Thursday, June 20, 2013

A Day in the Life

Peace Corps Botswana has just started a mentoring program for new Peace Corps Trainees to have a mentor to guide them through the process of getting here & transitioning to site (where was this program when I came!?). Basically, currently serving volunteers are matched with someone who has been invited to serve in Botswana as a Peace Corps Volunteer. They are open to email and ask questions about anything and everything - hopefully to ease their minds about the whole thing.

I've been matched as a mentor - and I received the following question: "what's a typical day for you!?" Naturally, I giggled (and even typed HA! While answering my email) because it's usually impossible to have a typical day as a PCV. Of course I responded, but after the course of events today, I would have to say my day today pretty much sums it all up.

(I also figure none of you really know what my life is like day to day, so here is a taste)….

My own thoughts will be italicized.

Wake up, do I really have to?
Make coffee & breakfast.
Notice my slipper ripped open on the side, hmmm, yup. I'll sew that instead of spending about 50 pula on a new pair.
Read a little bit.  
Get dressed for the day, it's freezing now. It will be hot later. UGH. What to wear?
Gather all the things I need for the morning.
Start walking to the OVC center (orphans and vulnerable children), can't wait to see my kiddos! Will they understand the games I teach them today?
Walk through village reading flashcards to study for MCAT, please, random stranger, DON'T stop and talk to me for twenty minutes.
Arrive at OVC center, greeted by a whole room of smiling cherubs, I wish everyone I know could witness how freaking adorable and genuinely sweet they are!
Pull sports equipment out of my bag & see the kiddos eyes light up, at what age do we stop being so cute, curious, and giddy about life?
Play games with kiddos at OVC center. Laugh hysterically.

Head back inside for tea time.
Help wash dishes at the OVC center.
Say bye to the kiddos.
Walk back towards my house and see my closest friend in the village with her daughter, !!!!.

like mother, like daughter.
Stop and chat with Tshegofatso for a while, the world needs more people like her. She's such a doll.
Take her daughter, Moso, with me back to my house to play while I drop off the sports equipment.
Listen to Moso ramble on and on and on and on...goodness, child. I understand maybe 1/4 of what you are saying to me.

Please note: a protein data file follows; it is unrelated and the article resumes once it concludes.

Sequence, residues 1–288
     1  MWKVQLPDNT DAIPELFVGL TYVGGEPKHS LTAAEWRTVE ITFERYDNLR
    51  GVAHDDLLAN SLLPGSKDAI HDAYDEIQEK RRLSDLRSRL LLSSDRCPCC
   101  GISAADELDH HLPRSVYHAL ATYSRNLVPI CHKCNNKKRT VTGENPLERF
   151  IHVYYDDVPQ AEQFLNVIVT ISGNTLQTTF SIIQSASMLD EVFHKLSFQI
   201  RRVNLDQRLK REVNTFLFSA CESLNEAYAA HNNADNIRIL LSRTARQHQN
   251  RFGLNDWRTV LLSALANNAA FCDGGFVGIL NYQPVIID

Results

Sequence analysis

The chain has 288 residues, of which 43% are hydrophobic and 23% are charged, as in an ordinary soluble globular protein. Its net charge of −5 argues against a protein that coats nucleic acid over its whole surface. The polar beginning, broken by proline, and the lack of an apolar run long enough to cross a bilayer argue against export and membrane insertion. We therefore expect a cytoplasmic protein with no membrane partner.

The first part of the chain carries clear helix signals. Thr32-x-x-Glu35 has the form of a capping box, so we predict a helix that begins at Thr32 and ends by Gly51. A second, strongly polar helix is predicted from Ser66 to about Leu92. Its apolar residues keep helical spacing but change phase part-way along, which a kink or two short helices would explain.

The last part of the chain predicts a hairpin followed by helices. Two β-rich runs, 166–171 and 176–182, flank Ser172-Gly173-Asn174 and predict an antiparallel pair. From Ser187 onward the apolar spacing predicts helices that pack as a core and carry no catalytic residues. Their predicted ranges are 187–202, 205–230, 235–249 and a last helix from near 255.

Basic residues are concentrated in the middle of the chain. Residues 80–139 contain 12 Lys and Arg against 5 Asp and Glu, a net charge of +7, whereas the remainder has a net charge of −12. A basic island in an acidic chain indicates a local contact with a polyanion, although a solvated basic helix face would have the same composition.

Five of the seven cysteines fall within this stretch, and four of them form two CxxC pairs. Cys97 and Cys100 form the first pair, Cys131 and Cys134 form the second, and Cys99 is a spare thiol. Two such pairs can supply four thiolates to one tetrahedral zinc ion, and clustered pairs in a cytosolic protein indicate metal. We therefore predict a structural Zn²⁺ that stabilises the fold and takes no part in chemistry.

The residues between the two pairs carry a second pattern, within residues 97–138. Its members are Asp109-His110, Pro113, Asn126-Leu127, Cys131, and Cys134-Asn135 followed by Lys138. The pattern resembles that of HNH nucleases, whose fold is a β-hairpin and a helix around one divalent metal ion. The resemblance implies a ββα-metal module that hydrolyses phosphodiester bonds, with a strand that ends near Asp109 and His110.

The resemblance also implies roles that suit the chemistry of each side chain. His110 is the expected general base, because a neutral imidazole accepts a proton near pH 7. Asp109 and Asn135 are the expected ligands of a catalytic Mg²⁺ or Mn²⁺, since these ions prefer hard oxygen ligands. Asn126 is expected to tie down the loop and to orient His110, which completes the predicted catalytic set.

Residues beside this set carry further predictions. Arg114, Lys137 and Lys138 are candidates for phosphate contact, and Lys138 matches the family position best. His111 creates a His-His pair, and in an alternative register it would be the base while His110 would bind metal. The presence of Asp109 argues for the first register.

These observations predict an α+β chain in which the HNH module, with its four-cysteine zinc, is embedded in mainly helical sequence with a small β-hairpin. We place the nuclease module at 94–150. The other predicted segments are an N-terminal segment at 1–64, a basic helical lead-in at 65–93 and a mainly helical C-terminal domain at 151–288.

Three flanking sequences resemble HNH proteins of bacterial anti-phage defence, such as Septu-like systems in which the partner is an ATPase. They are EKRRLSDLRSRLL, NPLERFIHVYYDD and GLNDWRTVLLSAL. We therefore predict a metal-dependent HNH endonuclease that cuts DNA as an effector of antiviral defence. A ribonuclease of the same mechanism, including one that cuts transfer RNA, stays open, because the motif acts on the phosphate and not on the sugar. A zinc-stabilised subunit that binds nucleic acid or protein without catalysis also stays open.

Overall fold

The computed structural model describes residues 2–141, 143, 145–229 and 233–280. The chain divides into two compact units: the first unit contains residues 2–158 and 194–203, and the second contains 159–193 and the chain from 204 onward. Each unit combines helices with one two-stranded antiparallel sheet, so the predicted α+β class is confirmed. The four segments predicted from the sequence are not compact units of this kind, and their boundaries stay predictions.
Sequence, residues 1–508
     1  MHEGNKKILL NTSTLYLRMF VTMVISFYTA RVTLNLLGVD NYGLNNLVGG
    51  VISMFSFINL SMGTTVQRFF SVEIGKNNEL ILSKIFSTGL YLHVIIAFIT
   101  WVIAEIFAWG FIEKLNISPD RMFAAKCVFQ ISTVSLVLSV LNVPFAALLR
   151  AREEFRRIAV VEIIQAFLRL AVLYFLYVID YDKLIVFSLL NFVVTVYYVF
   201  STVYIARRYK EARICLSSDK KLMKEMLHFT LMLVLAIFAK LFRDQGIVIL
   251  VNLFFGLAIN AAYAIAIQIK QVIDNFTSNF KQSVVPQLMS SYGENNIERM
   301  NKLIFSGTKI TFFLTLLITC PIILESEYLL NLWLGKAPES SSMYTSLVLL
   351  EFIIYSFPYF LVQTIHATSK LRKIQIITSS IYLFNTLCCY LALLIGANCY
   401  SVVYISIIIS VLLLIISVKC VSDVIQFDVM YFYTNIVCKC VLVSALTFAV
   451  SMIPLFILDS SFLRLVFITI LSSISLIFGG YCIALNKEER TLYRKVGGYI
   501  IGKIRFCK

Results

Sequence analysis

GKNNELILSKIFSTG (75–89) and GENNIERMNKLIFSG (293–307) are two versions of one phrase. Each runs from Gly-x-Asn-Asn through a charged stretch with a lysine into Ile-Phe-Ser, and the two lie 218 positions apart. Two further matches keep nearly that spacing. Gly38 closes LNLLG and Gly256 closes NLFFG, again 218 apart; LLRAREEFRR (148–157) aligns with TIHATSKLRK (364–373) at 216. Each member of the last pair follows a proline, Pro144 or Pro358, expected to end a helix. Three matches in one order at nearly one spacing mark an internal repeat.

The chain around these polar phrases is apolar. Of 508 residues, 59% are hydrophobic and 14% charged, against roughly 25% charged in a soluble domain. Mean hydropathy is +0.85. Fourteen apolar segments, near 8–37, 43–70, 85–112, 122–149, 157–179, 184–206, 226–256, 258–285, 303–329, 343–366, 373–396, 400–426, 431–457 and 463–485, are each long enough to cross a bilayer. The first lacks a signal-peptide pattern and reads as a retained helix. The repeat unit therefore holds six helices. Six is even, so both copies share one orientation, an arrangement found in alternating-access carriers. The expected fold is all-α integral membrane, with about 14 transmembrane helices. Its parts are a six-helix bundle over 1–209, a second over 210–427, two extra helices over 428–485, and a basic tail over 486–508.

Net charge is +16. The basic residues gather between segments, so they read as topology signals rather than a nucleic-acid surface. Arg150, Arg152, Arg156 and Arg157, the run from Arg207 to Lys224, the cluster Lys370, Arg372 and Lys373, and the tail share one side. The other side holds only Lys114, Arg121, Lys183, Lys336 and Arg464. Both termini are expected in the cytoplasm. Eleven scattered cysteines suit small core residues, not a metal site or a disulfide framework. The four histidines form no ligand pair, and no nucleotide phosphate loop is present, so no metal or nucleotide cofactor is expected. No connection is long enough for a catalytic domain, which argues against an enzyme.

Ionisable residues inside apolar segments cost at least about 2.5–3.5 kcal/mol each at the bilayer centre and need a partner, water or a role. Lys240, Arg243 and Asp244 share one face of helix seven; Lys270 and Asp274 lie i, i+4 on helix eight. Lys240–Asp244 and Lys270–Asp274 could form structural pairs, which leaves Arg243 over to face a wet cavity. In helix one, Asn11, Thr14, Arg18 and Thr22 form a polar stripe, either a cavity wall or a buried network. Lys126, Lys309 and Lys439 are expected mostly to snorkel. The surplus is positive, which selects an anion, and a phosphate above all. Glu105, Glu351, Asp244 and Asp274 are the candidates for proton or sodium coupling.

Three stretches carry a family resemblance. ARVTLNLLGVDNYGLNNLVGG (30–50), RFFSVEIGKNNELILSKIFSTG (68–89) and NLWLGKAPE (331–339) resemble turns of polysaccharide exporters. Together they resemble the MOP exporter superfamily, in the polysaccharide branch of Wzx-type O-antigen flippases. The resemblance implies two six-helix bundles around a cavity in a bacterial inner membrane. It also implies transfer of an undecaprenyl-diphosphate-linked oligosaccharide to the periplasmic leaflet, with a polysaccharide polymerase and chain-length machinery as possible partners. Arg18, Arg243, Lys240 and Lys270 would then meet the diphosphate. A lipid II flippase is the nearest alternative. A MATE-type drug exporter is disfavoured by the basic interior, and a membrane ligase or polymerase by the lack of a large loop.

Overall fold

Make lunch, prepare food and drink for a visitor, play with Moso and family kiddos who have appeared in my house,  how in the world did I become the village nanny?
Leave my house to drop Moso off with her mom again.
Laugh and take pictures with Moso along the way.

sweet lil moso
Arrive at the clinic, greet my co-workers, talk to supervisor about report he needs help with, and head to my office to finish up working on a few items of my own.
At 4:30, leave the clinic to go begin making a cake for my auntie for her birthday, I sure do love how happy it makes each family member when they each get their own cake for their birthday, but oh my, I've made SO many cakes. Turns out my family is bigger than I was aware of when I started this tradition.
Start pulling out all the ingredients for the cake, pull up a chair for one of the kiddos to "help me" make the cake, give crayons and coloring books to the other small ones who have made my living room home.
Measure out the first three ingredients.
Hear a big THUD. Baby is SCREAMING at the top of her lungs, uh oh. What happened now? Real problem? Dramatic child?
Blood streams down baby Aya's face… she cut her head open, I need my first AID kit! This child needs stitches! Stop the bleeding!
Constant crying and tears, what will help her calm down? CANDY!
After controlling the bleeding, head next door to find Aya's medical card, & head to the clinic, oh peace corps. This really IS my family. How many PCV's actually take their little sister to the clinic when her head splits open?
Arrive at the clinic, search for clinic staff, & explain what happened, so thankful I know each and every staff member at the clinic.
Hold Aya's arms down while the nurse shaves a portion of her hair and the doctor gives her stitches, poor baby. She's going to grow up HATING the clinic and all doctors who come near her.
Feed Aya more candy to make the crying stop.
Breathe a sigh of relief, head home, give Aya back to her grandmother.
Clean dried blood off my floor, yay for tile! Easy to clean. Boo for tile! Babies fall and bleed. Mental note: thank mother for buying me paper towels.

the way we left my house - blood & med kit on floor, cake in progress!
Ok, onto that cake I started...I'm too tired for all of this! Ha. Must make coffee.
Make cup of coffee.
Finish making cake with the help of the kiddos.
Sit on the kitchen floor, eat dinner with kiddos, I think ANYONE would judge me for eating cold rice with scrambled eggs and ketchup. But I'm too tired to care.
Go next door to sing happy birthday to my auntie.

singing HAPPY BIRTHDAY with the fam
Take pictures of/with Aya to document the shenanigans.

happy girl - still a goof! 
sweet baby Aya after our crazy events
Eat cake with my family.
Listen to not 1, not 2, but 12 cows roll into our yard.
Chase cows out of yard (in the dark) with other family members, only in Africa. When have I ever chased a cow out of my yard before this?

HORRIBLE picture, but hey, you get the idea. cows running around in the yard at night.
Laugh, gotta laugh. I can't make this stuff up.
Make another cup of coffee.
Michael calls, I sound like a zombie, but I think I feel like one more than I sound like one. He's a trooper.
Finish writing blog post.
Study a bit before bed.
YOGA, my happy time.
BED, how I love you. What will tomorrow bring?

Love & Light,


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